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By Tyson Thorne

September 13, 2018
 

NoG El Large

One of the oldest names for God is simply El, perhaps meaning “the strong one”, and pronounced with a short “e” as one would expect. We say “perhaps meaning” as there is some doubt among modern scholars that the formerly accepted root of this word is correct. Rather, it appears to be a generic word for God in many ancient languages including Hebrew, Aramaic, Assyrian, Phoenician, and some South-Arabian dialects. In the Tanakh, the names El and Elohim always refer to YHWH. This name is used some 250 times throughout the Old Testament and is usually translated impersonally as “God”.

Perhaps the best way to understand the name is through the Bible itself. In Exodus 6 God explains:

God spoke to Moses and said to him, “I am YHWH. I appeared to Abraham, to Isaac, and to Jacob as El-Shaddai, but by my name YHWH I was not known to them.

In this instance, the first use of the name YHWH, we see that progressive nature of the way God reveals himself. In the opening chapters of Genesis God is simply known as El, then with Abraham and his sons and grandsons he is known as El-Shaddai, and now in Exodus we receive God's personal name YHWH. By approaching Moses with his personal name God is providing encouragement. By the use of YHWH Moses understands that his God is the one who is always present; God can guarantee the future because he is eternal and never changing; YHWH remains always.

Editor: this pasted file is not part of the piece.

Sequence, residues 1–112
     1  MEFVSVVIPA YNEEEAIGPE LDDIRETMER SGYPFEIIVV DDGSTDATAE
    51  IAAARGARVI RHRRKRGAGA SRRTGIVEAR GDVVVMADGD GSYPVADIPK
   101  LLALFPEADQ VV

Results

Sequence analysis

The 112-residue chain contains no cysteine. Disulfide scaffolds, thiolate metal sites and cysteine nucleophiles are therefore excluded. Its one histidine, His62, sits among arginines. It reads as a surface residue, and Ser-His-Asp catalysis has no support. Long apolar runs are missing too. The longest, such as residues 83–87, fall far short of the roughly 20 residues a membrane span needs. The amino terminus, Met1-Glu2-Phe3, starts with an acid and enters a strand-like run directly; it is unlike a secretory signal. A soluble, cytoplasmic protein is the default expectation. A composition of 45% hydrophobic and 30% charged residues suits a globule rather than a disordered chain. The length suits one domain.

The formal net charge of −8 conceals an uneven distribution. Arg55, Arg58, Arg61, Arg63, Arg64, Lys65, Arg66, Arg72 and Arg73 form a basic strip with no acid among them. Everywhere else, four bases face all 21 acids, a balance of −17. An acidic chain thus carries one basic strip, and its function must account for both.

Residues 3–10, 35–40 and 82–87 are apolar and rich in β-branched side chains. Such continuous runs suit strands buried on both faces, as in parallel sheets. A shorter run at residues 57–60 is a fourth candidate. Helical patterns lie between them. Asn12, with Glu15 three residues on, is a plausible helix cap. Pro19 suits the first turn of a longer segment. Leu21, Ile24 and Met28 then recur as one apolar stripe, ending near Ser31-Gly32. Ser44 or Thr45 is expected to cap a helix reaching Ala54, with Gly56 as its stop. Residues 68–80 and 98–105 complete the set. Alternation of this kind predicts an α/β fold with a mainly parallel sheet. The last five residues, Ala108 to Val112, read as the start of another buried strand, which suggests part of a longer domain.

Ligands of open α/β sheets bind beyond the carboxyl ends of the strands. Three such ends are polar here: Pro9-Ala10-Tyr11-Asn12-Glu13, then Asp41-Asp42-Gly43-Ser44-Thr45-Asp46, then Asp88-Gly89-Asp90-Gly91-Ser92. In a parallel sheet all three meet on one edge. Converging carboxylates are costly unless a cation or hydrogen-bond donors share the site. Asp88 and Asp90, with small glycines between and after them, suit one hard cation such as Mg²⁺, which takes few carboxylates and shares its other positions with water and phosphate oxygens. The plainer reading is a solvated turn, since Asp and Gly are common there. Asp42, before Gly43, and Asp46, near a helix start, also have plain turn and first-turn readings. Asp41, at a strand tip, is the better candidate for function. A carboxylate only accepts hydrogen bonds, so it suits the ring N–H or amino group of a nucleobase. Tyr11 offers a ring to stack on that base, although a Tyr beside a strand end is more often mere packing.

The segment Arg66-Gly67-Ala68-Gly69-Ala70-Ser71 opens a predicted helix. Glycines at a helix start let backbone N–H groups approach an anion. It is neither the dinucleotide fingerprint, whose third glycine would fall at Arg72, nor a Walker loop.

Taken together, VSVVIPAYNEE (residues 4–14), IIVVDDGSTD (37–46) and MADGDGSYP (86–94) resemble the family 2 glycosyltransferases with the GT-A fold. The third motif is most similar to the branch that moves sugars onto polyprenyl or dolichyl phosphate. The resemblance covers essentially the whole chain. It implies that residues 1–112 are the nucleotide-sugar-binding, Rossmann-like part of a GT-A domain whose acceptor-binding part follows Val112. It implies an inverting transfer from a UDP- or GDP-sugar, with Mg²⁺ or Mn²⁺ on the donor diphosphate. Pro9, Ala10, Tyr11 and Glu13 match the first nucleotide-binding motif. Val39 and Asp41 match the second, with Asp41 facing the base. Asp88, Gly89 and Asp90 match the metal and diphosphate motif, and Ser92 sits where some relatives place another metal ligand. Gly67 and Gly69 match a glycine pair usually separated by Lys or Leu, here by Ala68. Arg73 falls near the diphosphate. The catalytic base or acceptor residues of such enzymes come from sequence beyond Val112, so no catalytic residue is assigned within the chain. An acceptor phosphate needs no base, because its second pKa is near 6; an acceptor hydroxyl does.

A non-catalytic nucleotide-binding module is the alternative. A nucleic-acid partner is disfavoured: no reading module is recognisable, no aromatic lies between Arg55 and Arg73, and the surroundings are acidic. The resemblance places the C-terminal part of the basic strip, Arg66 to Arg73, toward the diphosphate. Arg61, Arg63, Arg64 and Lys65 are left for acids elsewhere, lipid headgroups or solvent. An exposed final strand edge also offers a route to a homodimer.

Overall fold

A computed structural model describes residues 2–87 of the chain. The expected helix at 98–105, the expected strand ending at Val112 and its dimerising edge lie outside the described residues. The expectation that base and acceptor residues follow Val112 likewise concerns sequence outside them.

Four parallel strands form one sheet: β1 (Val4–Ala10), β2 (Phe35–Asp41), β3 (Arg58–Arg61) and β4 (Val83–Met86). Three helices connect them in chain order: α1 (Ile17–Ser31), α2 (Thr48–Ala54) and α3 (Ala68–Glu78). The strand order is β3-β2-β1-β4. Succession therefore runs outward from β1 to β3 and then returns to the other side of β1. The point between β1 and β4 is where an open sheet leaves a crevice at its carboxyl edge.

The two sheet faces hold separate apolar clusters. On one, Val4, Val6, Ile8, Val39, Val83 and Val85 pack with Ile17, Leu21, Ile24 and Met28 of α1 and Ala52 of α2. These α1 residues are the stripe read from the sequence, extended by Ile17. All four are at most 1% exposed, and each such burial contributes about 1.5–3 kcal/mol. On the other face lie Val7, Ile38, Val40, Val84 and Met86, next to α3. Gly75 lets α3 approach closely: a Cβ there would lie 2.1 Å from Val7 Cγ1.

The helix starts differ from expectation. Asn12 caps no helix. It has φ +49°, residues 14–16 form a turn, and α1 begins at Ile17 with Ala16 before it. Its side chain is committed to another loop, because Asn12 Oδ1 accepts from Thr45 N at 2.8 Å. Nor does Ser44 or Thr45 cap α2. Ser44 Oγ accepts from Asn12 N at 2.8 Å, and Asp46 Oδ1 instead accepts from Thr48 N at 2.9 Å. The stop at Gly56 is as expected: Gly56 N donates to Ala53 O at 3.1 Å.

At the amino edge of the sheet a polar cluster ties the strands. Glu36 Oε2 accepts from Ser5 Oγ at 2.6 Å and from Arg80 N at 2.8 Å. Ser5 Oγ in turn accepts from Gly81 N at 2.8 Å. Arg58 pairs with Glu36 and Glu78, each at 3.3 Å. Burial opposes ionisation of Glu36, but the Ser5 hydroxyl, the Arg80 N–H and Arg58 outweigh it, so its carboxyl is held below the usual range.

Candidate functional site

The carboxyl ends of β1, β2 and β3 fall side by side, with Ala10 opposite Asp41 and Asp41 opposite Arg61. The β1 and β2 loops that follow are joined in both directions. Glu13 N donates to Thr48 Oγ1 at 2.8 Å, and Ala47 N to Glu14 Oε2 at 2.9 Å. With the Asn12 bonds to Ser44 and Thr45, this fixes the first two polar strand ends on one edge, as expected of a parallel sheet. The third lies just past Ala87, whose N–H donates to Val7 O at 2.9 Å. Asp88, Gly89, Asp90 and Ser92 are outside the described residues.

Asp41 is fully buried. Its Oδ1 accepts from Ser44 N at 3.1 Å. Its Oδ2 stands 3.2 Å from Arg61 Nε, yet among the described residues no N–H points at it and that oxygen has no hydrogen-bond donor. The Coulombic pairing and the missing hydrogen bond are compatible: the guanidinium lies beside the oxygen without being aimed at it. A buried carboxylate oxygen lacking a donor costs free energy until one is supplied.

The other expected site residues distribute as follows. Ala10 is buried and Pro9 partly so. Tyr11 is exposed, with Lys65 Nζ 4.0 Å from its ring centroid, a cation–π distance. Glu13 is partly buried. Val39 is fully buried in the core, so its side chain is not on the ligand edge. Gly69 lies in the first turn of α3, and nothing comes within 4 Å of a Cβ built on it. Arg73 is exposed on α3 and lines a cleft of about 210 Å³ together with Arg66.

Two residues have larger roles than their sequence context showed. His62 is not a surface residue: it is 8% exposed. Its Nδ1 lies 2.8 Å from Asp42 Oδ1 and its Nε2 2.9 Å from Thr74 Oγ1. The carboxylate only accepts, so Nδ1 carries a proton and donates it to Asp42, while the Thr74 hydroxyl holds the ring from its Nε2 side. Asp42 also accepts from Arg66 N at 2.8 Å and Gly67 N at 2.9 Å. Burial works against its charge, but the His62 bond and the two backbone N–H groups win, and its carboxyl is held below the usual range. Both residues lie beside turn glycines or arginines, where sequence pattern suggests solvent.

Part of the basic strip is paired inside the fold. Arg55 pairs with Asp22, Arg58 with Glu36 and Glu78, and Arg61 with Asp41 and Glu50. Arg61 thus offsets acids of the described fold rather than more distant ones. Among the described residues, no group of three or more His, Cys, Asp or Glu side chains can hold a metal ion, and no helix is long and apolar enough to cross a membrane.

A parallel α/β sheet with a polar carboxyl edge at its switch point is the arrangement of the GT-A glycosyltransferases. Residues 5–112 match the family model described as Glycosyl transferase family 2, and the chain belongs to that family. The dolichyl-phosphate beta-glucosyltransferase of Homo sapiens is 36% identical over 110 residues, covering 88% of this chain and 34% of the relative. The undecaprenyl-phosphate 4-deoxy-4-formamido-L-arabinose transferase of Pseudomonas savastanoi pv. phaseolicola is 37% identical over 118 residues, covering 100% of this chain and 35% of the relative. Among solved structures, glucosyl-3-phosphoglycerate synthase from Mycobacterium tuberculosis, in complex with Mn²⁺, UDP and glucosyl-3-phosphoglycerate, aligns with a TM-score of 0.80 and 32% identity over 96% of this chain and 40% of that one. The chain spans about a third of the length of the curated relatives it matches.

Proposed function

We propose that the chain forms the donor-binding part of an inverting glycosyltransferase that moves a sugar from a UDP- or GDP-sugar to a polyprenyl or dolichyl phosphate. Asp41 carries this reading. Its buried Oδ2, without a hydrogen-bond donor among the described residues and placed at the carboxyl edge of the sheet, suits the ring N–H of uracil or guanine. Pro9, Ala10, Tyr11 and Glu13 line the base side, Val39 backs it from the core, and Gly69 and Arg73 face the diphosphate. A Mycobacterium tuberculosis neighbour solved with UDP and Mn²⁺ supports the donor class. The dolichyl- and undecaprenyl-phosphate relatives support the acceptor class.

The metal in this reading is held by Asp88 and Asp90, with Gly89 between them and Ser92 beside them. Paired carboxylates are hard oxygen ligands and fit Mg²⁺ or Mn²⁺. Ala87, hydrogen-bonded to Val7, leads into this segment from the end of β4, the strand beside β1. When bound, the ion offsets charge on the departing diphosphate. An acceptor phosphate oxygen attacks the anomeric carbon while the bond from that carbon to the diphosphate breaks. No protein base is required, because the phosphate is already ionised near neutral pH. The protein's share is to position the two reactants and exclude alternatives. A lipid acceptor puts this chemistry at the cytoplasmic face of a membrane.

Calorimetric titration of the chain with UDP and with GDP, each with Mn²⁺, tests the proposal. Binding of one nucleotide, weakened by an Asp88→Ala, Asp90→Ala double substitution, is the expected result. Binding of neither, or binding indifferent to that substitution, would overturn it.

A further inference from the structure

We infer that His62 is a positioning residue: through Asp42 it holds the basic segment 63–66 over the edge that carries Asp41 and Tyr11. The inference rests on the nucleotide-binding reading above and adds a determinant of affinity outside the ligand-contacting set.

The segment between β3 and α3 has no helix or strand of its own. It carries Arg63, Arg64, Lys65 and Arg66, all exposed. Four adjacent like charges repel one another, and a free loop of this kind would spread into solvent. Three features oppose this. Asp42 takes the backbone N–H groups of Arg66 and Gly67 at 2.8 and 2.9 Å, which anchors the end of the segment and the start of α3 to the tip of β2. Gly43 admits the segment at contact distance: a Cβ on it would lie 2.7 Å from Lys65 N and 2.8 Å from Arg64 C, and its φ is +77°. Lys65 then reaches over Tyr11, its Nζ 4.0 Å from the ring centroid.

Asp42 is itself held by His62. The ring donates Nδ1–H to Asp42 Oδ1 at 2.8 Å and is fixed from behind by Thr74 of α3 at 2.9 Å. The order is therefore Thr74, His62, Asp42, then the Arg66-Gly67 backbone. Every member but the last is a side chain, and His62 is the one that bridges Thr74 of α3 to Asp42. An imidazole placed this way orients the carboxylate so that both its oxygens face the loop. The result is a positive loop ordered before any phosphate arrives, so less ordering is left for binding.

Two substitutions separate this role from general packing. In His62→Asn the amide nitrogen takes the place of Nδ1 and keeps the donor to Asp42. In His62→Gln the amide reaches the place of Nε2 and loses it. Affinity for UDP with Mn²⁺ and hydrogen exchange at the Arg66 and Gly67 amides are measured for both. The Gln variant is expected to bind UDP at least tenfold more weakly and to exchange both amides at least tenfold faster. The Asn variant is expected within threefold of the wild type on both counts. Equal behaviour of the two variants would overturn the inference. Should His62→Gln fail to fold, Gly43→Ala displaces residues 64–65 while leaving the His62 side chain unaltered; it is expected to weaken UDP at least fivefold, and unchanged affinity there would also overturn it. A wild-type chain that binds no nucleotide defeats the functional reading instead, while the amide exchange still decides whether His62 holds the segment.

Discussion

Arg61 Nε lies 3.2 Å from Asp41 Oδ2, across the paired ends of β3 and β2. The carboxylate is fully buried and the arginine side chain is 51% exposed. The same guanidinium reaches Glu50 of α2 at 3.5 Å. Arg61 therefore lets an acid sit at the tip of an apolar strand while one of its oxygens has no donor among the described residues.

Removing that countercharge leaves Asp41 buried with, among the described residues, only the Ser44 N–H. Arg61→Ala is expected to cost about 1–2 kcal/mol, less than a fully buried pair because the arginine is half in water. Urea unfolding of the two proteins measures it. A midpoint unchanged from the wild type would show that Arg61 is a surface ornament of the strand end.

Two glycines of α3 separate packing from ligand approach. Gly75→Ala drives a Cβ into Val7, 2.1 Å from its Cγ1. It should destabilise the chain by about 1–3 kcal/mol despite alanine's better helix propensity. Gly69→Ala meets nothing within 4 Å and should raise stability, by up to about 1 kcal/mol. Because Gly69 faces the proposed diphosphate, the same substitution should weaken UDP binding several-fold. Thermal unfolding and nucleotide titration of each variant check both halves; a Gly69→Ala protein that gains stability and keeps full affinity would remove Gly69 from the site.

As we've discovered already, El is a rather generic term for "God" used around the Near East from the most ancient times. This name is not used exclusively of YHWH in the Bible either. It is sometimes used of pagan gods and even "mighty men", going back to the basic definition of "the strong one". For this reason most of the time El is used for YHWH it is accompanied by an addition, a modifier, such as -Shaddai that we mentioned earlier. Abraham started serving the Lord as El, but learned more about God when he was visited by Melchizedek in Genesis 14. The priest referred to God as El-Elyon (meaning "Most High" or "Possessor of Heaven and Earth"). Abraham replies in kind, calling God El-Elyon in the same passage. For this reason many of the name we will be studying from this point forward will be compound names beginning with El-.

 
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